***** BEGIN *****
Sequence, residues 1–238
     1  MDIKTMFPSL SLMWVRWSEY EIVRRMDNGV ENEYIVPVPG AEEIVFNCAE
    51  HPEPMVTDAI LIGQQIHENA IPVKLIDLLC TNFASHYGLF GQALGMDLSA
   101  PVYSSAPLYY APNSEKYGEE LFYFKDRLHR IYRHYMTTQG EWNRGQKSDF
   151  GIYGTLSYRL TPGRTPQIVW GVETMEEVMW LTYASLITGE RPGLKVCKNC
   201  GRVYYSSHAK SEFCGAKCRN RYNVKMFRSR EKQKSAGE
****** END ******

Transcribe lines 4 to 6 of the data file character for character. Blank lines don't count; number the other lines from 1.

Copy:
   101  PVYSSAPLYY APNSEKYGEE LFYFKDRLHR IYRHYMTTQG EWNRGQKSDF
   151  GIYGTLSYRL TPGRTPQIVW GVETMEEVMW LTYASLITGE RPGLKVCKNC
   201  GRVYYSSHAK SEFCGAKCRN RYNVKMFRSR EKQKSAGE